Making Greenwald's point for him
by David Atkins
I'm admittedly less concerned about civil liberties issues than I am about broader economics and climate change, and my view of civil liberties issues tend to be tinged with the idea that there should be a system in place whereby exposure of government overreach can happen without legally endangering whistleblowers. I also take an extremely dim view of libertarianism.
But I want to reinforce a point that Digby made yesterday: Greenwald's partner was detained on a terrorism statue. Terrorism.
If there's one overarching theme to the post-Patriot Act civil libertarian argument, it's that in the pants-wetting national reaction to the 9/11 attacks, the insane amount of authority the government has been given to secretly surveil and interfere with the lives of citizens is being used for far less defensible or frankly indefensible purposes. The potential for abuse of unlimited surveillance power is radically high, and the danger of a totalitarian society is quite strong when just about any abuse of power the government conducts is justified by "terrorism."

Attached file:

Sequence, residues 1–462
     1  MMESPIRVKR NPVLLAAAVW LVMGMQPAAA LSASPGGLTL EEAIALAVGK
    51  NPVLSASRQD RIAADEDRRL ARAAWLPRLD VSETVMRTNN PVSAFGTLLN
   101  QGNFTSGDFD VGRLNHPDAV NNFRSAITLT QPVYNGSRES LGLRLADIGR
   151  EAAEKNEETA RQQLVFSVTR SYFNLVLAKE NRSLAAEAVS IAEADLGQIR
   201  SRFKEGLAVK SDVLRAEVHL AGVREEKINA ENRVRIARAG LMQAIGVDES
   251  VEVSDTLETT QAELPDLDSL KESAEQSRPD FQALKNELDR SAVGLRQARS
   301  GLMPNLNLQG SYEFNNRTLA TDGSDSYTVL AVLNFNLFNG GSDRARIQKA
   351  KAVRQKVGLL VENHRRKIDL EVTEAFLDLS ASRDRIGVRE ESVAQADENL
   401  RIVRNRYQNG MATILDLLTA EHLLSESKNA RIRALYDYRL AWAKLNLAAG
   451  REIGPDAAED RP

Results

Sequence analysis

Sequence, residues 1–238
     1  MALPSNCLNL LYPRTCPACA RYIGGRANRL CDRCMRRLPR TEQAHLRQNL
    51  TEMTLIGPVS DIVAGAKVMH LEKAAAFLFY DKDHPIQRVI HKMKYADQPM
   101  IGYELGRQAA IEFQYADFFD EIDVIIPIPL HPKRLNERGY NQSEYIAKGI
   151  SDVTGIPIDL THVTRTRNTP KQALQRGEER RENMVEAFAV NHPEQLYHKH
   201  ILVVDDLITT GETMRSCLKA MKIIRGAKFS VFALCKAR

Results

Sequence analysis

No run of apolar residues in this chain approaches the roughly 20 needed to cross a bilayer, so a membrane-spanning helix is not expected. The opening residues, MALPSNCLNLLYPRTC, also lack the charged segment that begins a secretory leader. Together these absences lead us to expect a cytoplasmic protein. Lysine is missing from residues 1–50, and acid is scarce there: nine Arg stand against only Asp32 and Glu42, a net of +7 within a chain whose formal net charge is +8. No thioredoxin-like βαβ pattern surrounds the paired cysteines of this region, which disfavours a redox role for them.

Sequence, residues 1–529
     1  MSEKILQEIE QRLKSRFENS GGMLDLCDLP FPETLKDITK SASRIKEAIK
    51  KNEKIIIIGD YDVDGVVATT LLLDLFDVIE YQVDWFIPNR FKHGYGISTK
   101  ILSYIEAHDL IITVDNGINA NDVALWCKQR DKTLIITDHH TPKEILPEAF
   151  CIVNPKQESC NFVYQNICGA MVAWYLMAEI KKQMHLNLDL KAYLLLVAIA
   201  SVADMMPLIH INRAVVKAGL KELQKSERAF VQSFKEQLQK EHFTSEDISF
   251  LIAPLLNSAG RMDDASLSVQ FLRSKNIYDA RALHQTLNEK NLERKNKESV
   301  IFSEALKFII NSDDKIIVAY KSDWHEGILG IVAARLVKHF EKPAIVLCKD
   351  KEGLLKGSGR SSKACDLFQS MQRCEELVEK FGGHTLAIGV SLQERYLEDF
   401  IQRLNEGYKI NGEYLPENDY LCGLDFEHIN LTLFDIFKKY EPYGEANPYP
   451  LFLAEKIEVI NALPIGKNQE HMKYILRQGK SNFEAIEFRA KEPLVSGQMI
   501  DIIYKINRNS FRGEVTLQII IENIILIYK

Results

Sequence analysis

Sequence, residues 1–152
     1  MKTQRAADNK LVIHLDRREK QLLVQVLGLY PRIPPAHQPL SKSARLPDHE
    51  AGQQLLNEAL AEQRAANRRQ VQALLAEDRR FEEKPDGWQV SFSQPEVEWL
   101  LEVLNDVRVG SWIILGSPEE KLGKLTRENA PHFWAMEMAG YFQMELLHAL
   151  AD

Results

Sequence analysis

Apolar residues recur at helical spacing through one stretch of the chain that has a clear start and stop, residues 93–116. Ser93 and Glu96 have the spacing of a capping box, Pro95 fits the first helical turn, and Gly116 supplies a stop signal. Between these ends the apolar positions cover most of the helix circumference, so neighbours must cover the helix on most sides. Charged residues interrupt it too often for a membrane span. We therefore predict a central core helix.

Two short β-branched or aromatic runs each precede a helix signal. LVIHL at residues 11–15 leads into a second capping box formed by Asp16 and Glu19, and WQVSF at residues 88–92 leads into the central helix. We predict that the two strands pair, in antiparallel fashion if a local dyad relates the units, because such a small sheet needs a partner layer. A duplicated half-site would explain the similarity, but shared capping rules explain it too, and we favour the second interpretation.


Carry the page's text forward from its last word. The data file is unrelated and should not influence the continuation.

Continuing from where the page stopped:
I've had my issues with Greenwald. But I don't care if you believe that Greenwald and Snowden are the embodiments of the Anti-Christ. I don't care what documents Greenwald's spouse was carrying, how classified they were, or whether you believe that Greenwald is a journalist. I don't care.
When a government detains someone who is very clearly not a terrorist for nine hours without access to an attorney under a terrorism statute, that government has proven every point Greenwald wanted to make. The argument is over right there.
And every "progressive" with a beef against Greenwald who attempts to defend the UK's actions does nothing more than prove Greenwald's point. Governments that detain civil libertarian bloggers and journalists as terrorists deserve every heaping of scorn they get, as do those who defend them.